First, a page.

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Medical Identity Theft Is A Growing Problem

When we think of identity theft, most of us picture the use of one’s credit card information in order to make fraudulent purchases. Of course, this is just one of many examples of how identity theft can negatively impact one’s life. However, it can be argued that to steal a person’s identity for the purpose of robbing someone of their healthcare benefits is among the lowest things a person can do.

At Allegiant Experts, we have first-hand knowledge about how bad the issue of medical identity theft is becoming in our country. There is a growing number of people who have stolen the identity of others in order to misuse healthcare benefits. In fact, during an audit for a small Medicaid health plan in the District of Columbia, one of our team members discovered numerous pieces of odd clinical data.

They included such findings as 6 month-old infants suffering from Chronic Obstructive Pulmonary Disease (COPD), alcoholic cirrhosis and lung cancer, 56-year-old males giving birth and teenage girls with testicular cancer. We even located a case of an individual who was receiving health care services in multiple states at the same time! When the medically impossible is being reported for the purpose of securing healthcare benefits, you know there is a real problem.

While this is a problem that predominately impacts the financially disadvantaged, we are starting to see it impact others as well. In many cases, the financially disadvantaged are unable to attain ID or are not even required to show ID with their Medicaid cards. As a result, a large number of fraudulent insurance claims are being made and fulfilled.

However, in other examples of medical identity theft, we have seen cases of electronic health data being entered for visits and conditions that don’t belong to the member. In some cases this had lead to erroneous information being shared with treating physicians and underwriting resulting in inaccurate medical records, inappropriate healthcare decisions, cancellations of coverage or even denial of health plan coverage. Don’t assume, by the way, that this is a small crime. Perpetrators can face several years in prison for committing such acts of fraud.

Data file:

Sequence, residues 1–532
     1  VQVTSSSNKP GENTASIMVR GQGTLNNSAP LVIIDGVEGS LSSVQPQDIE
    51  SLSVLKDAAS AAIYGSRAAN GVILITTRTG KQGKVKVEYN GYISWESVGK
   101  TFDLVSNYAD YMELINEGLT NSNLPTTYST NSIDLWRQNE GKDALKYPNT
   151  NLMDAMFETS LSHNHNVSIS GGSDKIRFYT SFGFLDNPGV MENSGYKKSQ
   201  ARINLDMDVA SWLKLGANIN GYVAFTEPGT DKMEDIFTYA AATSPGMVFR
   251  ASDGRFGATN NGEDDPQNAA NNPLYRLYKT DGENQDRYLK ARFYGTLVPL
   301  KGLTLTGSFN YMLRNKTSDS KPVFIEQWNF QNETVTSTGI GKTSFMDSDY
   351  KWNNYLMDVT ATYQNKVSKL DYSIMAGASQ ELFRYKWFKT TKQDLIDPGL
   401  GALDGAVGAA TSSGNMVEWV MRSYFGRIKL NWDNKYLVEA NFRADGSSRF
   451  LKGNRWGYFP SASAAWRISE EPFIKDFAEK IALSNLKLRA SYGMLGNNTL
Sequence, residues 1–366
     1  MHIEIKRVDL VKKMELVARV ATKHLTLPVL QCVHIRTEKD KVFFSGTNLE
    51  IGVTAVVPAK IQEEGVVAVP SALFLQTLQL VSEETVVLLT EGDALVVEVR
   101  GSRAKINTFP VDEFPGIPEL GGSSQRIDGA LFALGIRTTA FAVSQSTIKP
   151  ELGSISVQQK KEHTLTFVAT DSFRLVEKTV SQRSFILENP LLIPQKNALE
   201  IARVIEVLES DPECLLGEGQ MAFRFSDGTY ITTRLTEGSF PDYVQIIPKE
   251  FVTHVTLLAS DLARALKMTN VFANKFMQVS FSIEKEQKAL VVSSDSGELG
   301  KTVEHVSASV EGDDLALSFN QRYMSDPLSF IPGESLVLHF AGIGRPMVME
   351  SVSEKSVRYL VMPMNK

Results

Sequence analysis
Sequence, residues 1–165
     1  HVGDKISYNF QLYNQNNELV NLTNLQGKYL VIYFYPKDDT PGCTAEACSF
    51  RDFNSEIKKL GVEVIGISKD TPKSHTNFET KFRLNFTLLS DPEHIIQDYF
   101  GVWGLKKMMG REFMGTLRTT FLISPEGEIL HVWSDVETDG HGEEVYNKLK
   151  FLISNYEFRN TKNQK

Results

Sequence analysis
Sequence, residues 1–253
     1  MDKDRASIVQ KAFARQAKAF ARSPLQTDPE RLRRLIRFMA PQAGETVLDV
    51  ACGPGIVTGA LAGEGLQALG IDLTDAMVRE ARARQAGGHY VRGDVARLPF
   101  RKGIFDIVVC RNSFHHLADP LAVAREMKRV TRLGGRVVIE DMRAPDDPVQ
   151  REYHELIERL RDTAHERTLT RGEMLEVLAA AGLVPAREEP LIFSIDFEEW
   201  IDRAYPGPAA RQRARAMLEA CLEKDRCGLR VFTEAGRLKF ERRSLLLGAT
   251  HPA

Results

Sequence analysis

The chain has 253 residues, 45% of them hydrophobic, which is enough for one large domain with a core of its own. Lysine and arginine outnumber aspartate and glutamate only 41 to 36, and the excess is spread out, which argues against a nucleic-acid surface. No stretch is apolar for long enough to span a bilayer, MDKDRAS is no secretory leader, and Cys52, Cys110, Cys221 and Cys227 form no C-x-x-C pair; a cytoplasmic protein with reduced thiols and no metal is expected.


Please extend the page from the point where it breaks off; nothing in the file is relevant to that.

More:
As reported earlier this month by Brian Rogers on, 67 year-old Jerrie Mona Chesney of Montgomery County, Maryland is facing five years in a federal prison after pleading guilty to using the identity of a dead woman to rob the federal government of nearly $400,000 in Medicare benefits. Chesney admitted to using Medicare benefits and food stamp benefits for nearly two decades.

She began her fraudulent actions in the late 1980s after contacting the family of a recently-deceased woman in order to get her personal identification information. Chesney was able to swindle the woman’s family by posing as an old high school friend. Using the woman’s personal information, she was able to assume the dead woman’s identity and secure a Texas driver’s license and a Social Security card.

“From 1995 until 2014, she was able to get Social Security disability benefits and food stamps totaling about $388,000,” reports Rogers, “She faces up to five years in prison and $250,000 in fines when she is sentenced by U.S. District Judge Lee Rosenthal on Oct. 16. She remains free on bond until that hearing.”

At Allegiant Experts, we couldn’t feel more strongly about the need to eliminate medical identity theft. This is why our team of clinical experts is so committed to doing its part. If you’re an attorney seeking assistance with your legal battle against those who commit fraud, please contact us at 407-217-5831.

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